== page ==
Friday, March 20, 2009

The Name of the Wind

What a great book! I've not been following the fantasy scene closely, since most fantasy these days is complete dreck. The last good novel I read was Susanna Clarke's Jonathan Strange and Mr. Norrell, and then I happened upon Patrick Rothfuss' work in a rather roundabout way that landed me on this page:

I found it entertaining, but when I got to "P.S. Your tears are delicious to me", I realised I simply had to read this book.

And wow, what a book. Kvothe is inhumanly good, like Superman, but without being tiresomely superior[*], and seeing the world through his eyes makes him enormously more sympathetic than he might have been in the third person.

The great thing about Rothfuss is the sense of wonder that he manages to capture. I loved the interludes of music the most, far more than the descriptions of "sympathy". Looking back at the book, I can't say I remember any outstanding characters - most of them are two-dimensional compared to the hero - but I did like Master Elodin the Namer.

I read the book in two sittings, maybe around 12-14 hours, and loved almost every minute, and I now get to join the giddy throng waiting for "The Wise Man's Fear."

The waiting sucks, but I can wait. I had to wait years for Stephen King to finish the Dark Tower (that might have been better if left unfinished at say, Wizard and Glass). I'm already nine years older than I was when I read Martin's Game of Thrones, so I think the wait for Wise Man's Fear isn't going to kill me yet.

Recommend: BUY!
The Name of the Wind
Patrick Rothfuss
ISBN 978-0756404079
[*] Batman so totally kicks Superman's ass in the likeability department.

Thursday, March 19, 2009

Truncated date row in AjaxControlToolkit CalendarExtender

Recently I and a friend have been moonlighting building an ASP.NET web site. This was our first time using C#, and my first time doing any real work in Visual Studio.

I'm no Microsoft lover (I ran Visual Studio in a VM on my Linux laptop), but I have to admit Visual Studio is slick. It's light (compared to Eclipse, at least), its autocomplete is great, and the code-deploy-test cycle is gratifyingly quick.

To my surprise, I quite liked C#. Properties, delegates and var foo = new Bar() alone would make it better than Java, but its lambda expressions simply blow Java away. The only catch with lambda expressions that I could see is that you can't declare a Func that returns void (Func). You either have to declare a delegate, or make the poor Func return a junk object just to keep the compiler happy.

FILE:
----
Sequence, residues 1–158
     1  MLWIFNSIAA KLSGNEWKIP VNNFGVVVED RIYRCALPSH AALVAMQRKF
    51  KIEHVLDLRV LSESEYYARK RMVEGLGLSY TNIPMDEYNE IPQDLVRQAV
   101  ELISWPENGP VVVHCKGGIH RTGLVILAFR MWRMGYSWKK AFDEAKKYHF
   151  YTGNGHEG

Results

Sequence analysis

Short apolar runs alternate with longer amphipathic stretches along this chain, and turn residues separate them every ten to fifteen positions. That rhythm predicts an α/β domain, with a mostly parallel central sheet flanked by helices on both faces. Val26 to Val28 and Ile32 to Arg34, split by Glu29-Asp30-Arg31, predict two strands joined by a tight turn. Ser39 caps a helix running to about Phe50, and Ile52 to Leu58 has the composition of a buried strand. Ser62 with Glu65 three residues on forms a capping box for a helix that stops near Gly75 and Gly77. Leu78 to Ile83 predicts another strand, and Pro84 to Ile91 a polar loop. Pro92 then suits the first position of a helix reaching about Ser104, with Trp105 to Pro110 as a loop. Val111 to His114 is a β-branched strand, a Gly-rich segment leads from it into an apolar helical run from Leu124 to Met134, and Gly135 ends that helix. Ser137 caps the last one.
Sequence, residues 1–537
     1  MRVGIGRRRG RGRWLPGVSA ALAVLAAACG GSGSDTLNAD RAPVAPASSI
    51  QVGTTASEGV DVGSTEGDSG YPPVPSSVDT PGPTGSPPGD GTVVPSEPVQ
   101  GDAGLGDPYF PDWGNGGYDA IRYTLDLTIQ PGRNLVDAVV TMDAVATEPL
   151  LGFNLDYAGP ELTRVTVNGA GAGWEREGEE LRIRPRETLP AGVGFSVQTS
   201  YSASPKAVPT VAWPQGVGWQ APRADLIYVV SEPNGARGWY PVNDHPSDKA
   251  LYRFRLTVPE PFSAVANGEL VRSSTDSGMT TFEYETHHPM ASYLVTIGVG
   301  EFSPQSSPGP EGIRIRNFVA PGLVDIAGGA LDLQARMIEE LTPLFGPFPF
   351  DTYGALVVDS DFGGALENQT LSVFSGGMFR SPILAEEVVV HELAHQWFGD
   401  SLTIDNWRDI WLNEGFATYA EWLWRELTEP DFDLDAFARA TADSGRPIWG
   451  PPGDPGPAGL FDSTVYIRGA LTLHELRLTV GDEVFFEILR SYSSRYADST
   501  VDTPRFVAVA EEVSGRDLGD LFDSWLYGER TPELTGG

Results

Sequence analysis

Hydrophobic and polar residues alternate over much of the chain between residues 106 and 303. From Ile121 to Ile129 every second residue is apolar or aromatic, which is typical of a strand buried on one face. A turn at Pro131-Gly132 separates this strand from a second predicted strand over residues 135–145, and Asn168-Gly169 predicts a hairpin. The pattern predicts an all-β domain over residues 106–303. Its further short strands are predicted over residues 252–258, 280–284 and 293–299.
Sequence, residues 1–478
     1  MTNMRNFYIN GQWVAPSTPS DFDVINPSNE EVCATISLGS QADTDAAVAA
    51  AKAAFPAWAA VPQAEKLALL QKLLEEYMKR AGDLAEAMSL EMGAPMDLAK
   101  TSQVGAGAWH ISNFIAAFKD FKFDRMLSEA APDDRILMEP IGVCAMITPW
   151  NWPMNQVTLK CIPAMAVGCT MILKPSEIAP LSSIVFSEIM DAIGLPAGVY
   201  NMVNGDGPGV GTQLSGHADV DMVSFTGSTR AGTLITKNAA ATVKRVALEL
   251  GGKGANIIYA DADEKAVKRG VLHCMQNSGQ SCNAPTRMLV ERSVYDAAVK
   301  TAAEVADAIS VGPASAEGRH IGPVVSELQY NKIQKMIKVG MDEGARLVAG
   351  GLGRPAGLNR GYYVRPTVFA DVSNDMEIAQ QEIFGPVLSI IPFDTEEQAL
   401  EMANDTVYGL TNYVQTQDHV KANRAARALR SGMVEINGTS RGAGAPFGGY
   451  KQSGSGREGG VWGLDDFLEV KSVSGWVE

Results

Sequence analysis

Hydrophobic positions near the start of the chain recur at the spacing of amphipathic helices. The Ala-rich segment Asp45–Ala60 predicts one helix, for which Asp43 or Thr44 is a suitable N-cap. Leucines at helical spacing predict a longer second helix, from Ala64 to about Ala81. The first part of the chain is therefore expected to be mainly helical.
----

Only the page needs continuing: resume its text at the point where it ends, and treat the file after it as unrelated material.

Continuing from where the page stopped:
One of the things I needed in this web app was to use date choosers. A little Googling suggested that the AjaxControlToolkit's CalendarExtender control was the way to go. It took me a while to figure out how to actually use it in a page after including the assembly reference in the project. This involved:

<%@ Register Assembly="AjaxControlToolkit" Namespace="AjaxControlToolkit" TagPrefix="ajaxToolkit" %>

and then attaching a calendar extender to a date input text field as:

<asp:TextBox ID="SomeDate" runat="server" />
<ajaxToolkit:CalendarExtender ID="SomeDateCalendar"
TargetControlID="SomeDate" runat="server" />

This worked great, right up until I noticed that the date chooser was missing the last row of dates, pretending that every month had 28 days or less. I checked the example project for the date chooser, and the date chooser looked fine there, so I guessed that the AWOL last row involved something in my webapp's CSS. After some mad Googling for a quick fix, and much cursing, I decided to investigate the matter with Firebug, which revealed that the calendar was likely barfing on the extra padding and margins that the page's CSS used for divs and table cells.

For posterity, here's the CSS style I had to add to my page to make the calendar behave correctly:

.ajax__calendar * {
font-family: "Tahoma", "Verdana", "Helvetica", "Sans-Serif";
padding: 0;
margin: 0;

(This is probably a bug in the calendar's own CSS - it should certainly reset margins and padding if it doesn't want it.)

Thursday, March 5, 2009


For a while now, I've been dissatisfied with the performance of my laptop, a Macbook Pro running x86_64 Arch Linux. Everything worked great most of the time, but every now and then, the laptop would go nuts and become horribly unresponsive.

When in this weird condition, the laptop had trouble even keeping up with keyboard and mouse input. I could hold down a key and I'd get "kkkk (long pause) kkkk (long pause) kkkk...". It was so bad I couldn't use the laptop at all once it hit this snag, and I'd usually have to reboot, because I couldn't work out what was causing the problem (no userspace CPU usage, no I/O activity).

Finally, several days back, I accidentally happened on the cause of the problem - my Madwifi wireless drivers. I caught the laptop in the throes of another fit of lag and did an rmmod -f of the ath* modules, and bingo! Input was smooth as silk again. I blacklisted the ath* modules, and I haven't run into the spastic-laptop syndrome since, so I'm reasonably sure that madwifi was the culprit.

Amusingly, I wasn't even _using_ my wireless connection at the time - I prefer cabled ethernet where available.

The question: how do you troubleshoot such problems, in general? I have no good material for a bug report to the madwifi folks and I'm not sure how to go about gathering evidence for this. syslog[*] had nothing to say about madwifi's woes.

[*] I've recently moved to Arch, and it took me a while to figure that /var/log/everything.log had the stuff I might look for in /var/log/syslog on Debian.